LOBATSE: The Botswana Unified Revenue Service (BURS) collected P40 billion in various taxes last year, exceeding the target set by the government of P37 billion despite the effects of the COVID-19 pandemic, BusinessWeek has learnt.
Initially, the government had given the BURS a target of P43 billion, but this was later revised due to the effects of the COVID-19, which paralysed the economy.
Numbers made available this week indicate that about P16.2 billion was collected from customs and excise revenue, P11.4 billion from non-mineral income tax, P7.8 billion from Value Added Tax (VAT) and P2.4 billion from mineral taxes, amongst others.
The latest figures represent a turnaround for the tax collector, who has generally fallen below targets set by the Finance Ministry in the past few years, collecting about P38 billion in 2019-2020 against a target of P41 billion.
Analysts said the higher collections in the 2020-2021 financial year were helped by tighter collections, with the BURS pursuing revenues from previously unmonitored sectors, including the second-hand import vehicle sector.
BURS acting Commissioner General, Segolo Lekau told BusinessWeek the agency’s target for this year has been increased to P43 billion.
VAT and Withholding Tax have both been increased, while a new sugar tax has been introduced. It is expected that a new carbon tax to cover vehicle emissions could also be introduced during the tax year.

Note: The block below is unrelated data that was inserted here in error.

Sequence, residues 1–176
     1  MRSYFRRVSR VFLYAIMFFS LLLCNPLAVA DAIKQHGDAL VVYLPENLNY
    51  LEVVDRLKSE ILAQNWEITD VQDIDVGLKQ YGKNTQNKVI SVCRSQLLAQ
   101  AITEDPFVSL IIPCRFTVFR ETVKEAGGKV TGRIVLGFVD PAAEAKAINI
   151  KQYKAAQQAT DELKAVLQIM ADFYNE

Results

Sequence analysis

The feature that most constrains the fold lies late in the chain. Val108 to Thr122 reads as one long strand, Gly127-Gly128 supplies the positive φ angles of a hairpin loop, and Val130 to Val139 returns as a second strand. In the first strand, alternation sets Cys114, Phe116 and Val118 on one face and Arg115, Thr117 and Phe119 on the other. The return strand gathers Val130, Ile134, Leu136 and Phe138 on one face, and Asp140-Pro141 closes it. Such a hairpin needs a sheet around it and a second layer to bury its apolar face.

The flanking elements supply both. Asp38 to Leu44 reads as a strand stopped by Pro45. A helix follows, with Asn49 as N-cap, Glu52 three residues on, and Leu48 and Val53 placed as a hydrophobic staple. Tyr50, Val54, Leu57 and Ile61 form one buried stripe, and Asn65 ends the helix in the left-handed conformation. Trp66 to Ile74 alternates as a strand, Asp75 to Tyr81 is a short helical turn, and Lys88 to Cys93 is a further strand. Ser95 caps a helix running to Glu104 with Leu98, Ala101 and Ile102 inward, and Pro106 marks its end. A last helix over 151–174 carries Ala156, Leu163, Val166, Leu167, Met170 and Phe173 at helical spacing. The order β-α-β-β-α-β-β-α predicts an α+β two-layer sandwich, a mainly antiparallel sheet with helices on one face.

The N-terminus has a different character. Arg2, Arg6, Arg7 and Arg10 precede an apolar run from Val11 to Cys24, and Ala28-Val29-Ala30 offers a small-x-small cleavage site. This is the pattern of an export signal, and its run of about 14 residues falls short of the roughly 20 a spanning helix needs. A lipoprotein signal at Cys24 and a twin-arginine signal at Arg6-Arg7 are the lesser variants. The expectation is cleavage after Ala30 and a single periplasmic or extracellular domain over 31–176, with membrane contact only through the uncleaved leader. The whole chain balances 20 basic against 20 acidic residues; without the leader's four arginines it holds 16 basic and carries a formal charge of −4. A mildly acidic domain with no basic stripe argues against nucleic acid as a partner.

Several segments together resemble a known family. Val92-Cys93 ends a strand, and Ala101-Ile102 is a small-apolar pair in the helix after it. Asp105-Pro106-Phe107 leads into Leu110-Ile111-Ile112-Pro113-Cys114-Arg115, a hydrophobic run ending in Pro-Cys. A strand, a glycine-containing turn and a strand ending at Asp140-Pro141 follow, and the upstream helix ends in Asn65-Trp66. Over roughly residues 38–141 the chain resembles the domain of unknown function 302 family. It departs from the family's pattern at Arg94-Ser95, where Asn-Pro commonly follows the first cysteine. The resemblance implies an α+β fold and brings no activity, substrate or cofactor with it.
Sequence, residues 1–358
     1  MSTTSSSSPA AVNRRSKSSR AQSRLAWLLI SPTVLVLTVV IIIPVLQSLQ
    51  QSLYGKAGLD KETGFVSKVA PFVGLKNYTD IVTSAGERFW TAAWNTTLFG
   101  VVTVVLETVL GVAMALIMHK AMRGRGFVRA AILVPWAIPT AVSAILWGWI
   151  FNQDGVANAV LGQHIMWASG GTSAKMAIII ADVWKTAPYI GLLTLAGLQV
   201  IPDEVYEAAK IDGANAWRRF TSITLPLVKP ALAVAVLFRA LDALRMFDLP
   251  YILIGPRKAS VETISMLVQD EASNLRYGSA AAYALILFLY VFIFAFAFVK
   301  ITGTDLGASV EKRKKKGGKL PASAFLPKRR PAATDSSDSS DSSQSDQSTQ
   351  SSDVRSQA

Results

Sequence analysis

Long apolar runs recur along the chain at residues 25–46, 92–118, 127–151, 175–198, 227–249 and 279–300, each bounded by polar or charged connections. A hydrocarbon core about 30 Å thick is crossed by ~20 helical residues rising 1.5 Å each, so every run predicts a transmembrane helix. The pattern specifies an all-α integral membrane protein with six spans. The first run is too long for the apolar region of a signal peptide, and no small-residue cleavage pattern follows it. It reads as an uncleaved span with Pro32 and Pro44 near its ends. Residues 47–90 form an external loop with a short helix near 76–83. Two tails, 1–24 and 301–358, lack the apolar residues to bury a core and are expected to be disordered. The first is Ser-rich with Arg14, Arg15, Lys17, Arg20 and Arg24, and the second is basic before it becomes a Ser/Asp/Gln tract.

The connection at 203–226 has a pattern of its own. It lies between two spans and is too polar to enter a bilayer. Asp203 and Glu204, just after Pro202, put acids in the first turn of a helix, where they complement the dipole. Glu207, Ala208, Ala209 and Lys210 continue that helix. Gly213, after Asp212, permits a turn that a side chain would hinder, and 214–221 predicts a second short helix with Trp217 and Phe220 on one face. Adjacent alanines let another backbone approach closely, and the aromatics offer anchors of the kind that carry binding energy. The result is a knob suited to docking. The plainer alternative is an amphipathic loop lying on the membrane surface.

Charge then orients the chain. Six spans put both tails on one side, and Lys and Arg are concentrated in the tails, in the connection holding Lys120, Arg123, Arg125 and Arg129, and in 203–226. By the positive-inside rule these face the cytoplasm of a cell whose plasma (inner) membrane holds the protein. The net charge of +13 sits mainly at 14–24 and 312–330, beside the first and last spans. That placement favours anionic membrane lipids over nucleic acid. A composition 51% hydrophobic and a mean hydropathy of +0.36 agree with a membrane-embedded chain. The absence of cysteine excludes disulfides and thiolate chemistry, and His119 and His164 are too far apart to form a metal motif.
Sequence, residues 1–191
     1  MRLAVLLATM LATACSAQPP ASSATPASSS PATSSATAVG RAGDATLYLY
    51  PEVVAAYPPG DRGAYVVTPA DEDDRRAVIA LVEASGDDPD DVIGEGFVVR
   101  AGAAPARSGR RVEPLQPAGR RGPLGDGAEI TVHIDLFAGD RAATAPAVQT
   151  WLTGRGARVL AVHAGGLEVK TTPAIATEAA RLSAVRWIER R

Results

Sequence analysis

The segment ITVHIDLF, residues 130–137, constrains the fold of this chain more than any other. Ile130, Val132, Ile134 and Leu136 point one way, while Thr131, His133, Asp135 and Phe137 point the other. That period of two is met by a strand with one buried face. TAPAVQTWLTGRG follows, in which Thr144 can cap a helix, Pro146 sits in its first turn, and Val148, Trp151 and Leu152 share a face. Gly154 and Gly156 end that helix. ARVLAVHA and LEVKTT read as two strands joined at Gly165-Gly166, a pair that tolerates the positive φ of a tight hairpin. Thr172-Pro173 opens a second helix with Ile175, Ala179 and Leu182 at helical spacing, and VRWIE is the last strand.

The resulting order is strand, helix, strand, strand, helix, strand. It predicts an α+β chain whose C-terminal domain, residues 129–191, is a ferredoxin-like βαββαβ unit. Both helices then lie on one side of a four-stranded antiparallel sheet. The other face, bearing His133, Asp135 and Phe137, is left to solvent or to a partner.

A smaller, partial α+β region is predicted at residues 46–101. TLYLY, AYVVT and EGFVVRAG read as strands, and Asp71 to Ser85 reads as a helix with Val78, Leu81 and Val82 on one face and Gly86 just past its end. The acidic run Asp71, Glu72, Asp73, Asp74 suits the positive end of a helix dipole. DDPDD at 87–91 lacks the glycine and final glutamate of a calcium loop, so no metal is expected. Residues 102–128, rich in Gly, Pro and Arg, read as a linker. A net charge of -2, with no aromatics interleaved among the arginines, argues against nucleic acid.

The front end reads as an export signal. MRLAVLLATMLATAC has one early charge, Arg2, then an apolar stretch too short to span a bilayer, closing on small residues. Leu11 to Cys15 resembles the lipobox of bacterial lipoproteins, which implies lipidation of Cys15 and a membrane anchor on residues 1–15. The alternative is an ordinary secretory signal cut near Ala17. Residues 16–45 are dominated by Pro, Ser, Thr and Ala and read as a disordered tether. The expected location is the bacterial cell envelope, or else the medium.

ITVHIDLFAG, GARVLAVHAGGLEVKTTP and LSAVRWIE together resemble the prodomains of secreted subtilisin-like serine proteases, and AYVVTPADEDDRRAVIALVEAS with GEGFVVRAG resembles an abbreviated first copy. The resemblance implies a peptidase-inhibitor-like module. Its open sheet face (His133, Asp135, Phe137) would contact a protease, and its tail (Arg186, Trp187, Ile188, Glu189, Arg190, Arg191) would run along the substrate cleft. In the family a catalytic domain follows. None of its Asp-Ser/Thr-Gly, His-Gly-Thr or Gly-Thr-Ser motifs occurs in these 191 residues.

“The revenue projections are tied to GDP growth rates,” Lekau told BusinessWeek on the sidelines of a BURS training workshop near Lobatse.
“Therefore the expected global economic revival of 5.5 percent through consumption, investment and trade and a positive outlook of 8.8 percent expected in the domestic economy in 2021, strengthened by the positive outlook for both the mining sector and non-mining sectors is expected to result in the growth of tax revenues hence the estimates.”
Mineral taxes are forecast to reach P5.6 billion from P1.8 billion in the previous year, while customs and excise receipts are expected to decline to P13.5 billion from P16.2 billion. Customs and excise revenues are received through a revenue-sharing agreement under the Southern African Customs Union (SACU).
The targeted tax amounts to about 69% of the government’s expected revenues in 2021-2022. The finance ministry expects the bulk of the remaining budget revenues to come from mineral royalties and dividends, which are expected to amount to P17.6 billion up from P4.7 billion.
VAT increased to 14% from April 1, while Withholding Tax rose to 10%. Personal tax thresholds at the bottom of the scale have, however, been reviewed.